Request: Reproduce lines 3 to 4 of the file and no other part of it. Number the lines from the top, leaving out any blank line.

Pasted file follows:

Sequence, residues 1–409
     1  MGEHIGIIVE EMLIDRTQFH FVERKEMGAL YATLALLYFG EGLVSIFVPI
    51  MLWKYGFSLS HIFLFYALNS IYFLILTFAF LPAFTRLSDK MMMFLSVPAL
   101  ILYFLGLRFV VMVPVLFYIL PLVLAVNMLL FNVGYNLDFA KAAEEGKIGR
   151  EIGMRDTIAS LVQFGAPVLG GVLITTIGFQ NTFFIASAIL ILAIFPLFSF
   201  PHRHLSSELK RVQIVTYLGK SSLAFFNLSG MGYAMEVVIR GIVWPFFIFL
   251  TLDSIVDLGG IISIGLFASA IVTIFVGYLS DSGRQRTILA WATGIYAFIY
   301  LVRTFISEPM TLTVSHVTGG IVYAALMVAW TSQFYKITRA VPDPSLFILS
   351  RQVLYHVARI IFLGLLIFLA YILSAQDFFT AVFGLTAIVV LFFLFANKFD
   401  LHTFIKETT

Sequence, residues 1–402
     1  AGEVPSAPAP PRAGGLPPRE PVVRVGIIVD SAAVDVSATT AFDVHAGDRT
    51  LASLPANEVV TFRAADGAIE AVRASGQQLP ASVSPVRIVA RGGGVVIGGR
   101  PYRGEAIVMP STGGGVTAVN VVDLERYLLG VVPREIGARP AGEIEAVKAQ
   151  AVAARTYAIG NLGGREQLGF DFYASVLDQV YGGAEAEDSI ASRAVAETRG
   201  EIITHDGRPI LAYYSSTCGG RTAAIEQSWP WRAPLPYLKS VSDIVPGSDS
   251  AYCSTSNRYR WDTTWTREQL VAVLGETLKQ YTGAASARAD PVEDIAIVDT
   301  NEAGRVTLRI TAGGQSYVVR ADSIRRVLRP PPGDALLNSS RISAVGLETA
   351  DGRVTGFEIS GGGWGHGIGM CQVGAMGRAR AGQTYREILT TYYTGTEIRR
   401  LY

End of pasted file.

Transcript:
    51  MLWKYGFSLS HIFLFYALNS IYFLILTFAF LPAFTRLSDK MMMFLSVPAL
   101  ILYFLGLRFV VMVPVLFYIL PLVLAVNMLL FNVGYNLDFA KAAEEGKIGR